The Addictionary of Oxford English: Romantic

Posted by Sir Alexander Johns | Apr 23, 2018 | Addiction, The Addictionary of Oxford English | 0 |

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Definition of Romantic in English:

Romantic


[ADJECTIVE]

1. Conductive to or characterized by the expression of love.

“I can’t help it, darling. I’m just full of romantic antics.” Oxford English

2. Of, characterized by, or suggestive of an idealized view of reality

“I’m often criticized for my romantic view of the world, but it keeps me young. So what if I think Kim Jong Un can be reformed?” Oxford English

3. Relating to or denoting the artistic and literary movement of romanticism

“I’d give an arm and a leg to be a romantic poet. Traveling the world. Dribbling angst from my fountain pen. Drinking an excess of wine and contracting old-timey diseases… Ah, those were the days.” Oxford English

[NOUN]

1. A person with romantic beliefs or attitudes.

“You may say I’m a romantic, but I’m not the only one.” Oxford English (From a poorly-adapted version of Imagine that he sang at Open Mic Night at the Warnborough Pub. He was booed mercilessly.)

2. A writer or artist of the Romantic Movement.

“Some people tell me I am a Romantic. Byron reincarnated? You’re looking at him.” Oxford English


Romantic Quotes about Oxford English

“Oxford might be a snake, but by God, does he believe himself to be the most romantic creature on the planet. When we started dating, he sent me a single red rose every hour while I was working the reception desk at Sainsbury’s corporate. Next day it was a single chocolate. By the end of the week, it was an engagement ring. One every hour. Needless to say, I now have a restraining order against him… but at least the rings paid for my flat.”Brittany Broderick (Scarred Girlfriend #82)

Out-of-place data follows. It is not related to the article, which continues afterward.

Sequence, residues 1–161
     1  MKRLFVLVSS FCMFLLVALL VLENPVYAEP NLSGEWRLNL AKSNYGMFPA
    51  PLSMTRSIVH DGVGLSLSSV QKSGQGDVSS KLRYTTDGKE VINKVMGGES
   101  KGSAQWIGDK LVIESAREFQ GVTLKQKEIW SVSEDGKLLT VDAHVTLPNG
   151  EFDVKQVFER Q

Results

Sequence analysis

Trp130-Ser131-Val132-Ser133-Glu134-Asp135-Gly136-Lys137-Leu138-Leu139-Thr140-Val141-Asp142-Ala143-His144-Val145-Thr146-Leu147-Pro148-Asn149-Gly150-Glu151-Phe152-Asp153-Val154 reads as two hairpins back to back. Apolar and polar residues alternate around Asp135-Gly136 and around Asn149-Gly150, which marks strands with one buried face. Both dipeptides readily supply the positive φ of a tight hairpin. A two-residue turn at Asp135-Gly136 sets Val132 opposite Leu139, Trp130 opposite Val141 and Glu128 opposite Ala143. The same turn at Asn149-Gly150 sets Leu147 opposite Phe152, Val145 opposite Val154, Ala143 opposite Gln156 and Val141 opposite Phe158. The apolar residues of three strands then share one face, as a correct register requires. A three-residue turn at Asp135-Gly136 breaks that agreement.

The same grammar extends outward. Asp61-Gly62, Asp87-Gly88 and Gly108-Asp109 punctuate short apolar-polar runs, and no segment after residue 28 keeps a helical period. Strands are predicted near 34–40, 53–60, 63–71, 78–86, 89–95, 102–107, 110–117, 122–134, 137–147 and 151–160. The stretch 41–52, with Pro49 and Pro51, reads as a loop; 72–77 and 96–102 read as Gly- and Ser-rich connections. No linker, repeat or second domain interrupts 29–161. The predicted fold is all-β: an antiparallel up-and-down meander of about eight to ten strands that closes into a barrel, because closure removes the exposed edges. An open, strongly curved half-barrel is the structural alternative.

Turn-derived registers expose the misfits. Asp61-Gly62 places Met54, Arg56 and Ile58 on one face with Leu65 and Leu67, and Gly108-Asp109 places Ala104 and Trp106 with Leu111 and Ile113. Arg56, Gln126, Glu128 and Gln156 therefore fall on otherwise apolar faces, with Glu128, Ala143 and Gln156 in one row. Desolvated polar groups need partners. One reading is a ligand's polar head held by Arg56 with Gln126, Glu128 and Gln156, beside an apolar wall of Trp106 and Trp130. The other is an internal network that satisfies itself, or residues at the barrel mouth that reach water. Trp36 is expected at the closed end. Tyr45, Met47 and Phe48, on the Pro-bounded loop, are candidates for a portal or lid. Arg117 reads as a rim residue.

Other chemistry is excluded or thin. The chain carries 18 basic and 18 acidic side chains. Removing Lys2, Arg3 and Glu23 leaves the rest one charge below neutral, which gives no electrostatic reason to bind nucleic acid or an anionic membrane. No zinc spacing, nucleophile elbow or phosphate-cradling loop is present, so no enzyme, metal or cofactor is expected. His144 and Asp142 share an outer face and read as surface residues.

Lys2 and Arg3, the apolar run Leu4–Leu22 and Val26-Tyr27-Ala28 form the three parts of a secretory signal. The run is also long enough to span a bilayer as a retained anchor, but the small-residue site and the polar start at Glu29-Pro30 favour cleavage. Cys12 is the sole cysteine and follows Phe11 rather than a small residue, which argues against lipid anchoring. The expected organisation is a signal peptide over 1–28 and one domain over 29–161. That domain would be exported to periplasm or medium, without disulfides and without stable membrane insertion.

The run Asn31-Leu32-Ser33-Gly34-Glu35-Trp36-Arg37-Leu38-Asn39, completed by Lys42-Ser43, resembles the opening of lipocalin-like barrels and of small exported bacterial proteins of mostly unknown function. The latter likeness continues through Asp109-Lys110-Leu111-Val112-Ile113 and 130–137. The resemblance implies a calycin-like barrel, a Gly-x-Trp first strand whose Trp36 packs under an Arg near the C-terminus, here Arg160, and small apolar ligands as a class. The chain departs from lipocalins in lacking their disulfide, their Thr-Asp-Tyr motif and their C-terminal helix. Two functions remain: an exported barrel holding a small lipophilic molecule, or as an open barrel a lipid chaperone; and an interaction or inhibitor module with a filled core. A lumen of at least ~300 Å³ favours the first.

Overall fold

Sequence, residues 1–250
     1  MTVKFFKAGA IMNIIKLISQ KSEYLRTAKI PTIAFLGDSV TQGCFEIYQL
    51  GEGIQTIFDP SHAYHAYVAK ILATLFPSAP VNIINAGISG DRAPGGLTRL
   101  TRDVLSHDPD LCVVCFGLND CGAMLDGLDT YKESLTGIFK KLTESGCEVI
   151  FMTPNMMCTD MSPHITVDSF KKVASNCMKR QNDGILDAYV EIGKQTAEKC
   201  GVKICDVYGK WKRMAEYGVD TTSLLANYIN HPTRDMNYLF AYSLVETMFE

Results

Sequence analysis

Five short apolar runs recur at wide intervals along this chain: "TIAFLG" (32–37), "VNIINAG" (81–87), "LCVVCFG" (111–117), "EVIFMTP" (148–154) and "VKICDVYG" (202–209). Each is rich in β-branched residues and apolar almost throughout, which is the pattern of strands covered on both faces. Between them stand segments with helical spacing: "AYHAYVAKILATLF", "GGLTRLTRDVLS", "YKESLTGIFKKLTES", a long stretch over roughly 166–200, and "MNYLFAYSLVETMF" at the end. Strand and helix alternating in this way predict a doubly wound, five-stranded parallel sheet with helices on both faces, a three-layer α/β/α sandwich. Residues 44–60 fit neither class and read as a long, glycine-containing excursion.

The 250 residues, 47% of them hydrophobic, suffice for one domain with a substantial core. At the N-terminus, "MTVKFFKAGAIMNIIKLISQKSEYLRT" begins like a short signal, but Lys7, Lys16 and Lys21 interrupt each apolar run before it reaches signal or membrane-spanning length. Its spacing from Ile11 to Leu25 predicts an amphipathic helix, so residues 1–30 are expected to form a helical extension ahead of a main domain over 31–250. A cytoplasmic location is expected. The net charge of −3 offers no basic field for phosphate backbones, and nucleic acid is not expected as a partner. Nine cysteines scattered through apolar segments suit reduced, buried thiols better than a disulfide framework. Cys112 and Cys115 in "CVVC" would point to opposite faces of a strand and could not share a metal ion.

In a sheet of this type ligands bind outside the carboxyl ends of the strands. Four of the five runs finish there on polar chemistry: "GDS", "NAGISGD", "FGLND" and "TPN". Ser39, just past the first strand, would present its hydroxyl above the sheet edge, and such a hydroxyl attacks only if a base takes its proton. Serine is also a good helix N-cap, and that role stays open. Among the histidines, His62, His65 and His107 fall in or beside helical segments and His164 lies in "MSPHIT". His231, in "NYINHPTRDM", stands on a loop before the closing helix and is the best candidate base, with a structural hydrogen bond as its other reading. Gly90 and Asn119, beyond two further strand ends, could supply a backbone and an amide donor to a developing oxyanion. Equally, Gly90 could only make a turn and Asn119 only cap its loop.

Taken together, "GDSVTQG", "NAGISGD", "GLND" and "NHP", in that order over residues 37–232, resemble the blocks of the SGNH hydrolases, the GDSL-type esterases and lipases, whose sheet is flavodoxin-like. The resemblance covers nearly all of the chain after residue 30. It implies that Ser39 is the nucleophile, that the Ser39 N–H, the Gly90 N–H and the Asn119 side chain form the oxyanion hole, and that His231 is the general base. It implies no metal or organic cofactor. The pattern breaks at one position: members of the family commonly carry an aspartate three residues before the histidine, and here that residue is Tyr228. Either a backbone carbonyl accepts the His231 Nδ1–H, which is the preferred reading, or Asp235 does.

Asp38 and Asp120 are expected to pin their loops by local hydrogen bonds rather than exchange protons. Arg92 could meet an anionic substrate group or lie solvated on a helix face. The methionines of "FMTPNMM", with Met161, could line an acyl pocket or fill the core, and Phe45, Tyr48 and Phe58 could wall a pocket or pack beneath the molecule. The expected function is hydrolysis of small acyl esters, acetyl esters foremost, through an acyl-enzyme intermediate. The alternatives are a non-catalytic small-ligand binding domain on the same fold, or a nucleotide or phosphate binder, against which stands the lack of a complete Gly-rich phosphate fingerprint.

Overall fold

“Does Oxford see the world through rose-colored glasses? Have you even met the man? He’s got the most romantic notions of the world that I’ve ever seen! Thinks we can all just sit in a circle, sing Kumbaya, and make everything better! When asked what his one wish would be, his answer is always, ‘World peace.’ The kids these days would call him ‘basic,’ but I think that’s a step too far.” Elena English (Ex-Mistress #105)

“Oxford loves the romantic poets. Says he wants to die on a boat like Shelley, or come down with consumption like Keats. I’m fairly certain he only volunteered at that hospital in Swaziland in the hopes that he’d acquire tuberculosis. Did you know he actually tried to buy the Keats House? It’s on the national historic register, so, of course, he couldn’t. Oxford chained himself to one of the benches in protest and recited Ode on a Grecian Urn for hours on end until the authorities removed him.” Quinn Christchurch (Keats Historian and Downright Boring Fellow to Interview)


Origin

Mid-17th century (referring to the characteristics of romance in a narrative): from archaic romaunt ‘tale of chivalry’, from an Old French variant of romanz (see romance).


Pronunciation

romantic /rə(ʊ)ˈmantɪk/


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This Dictionary entry was curated by Sir Alexander Johns.


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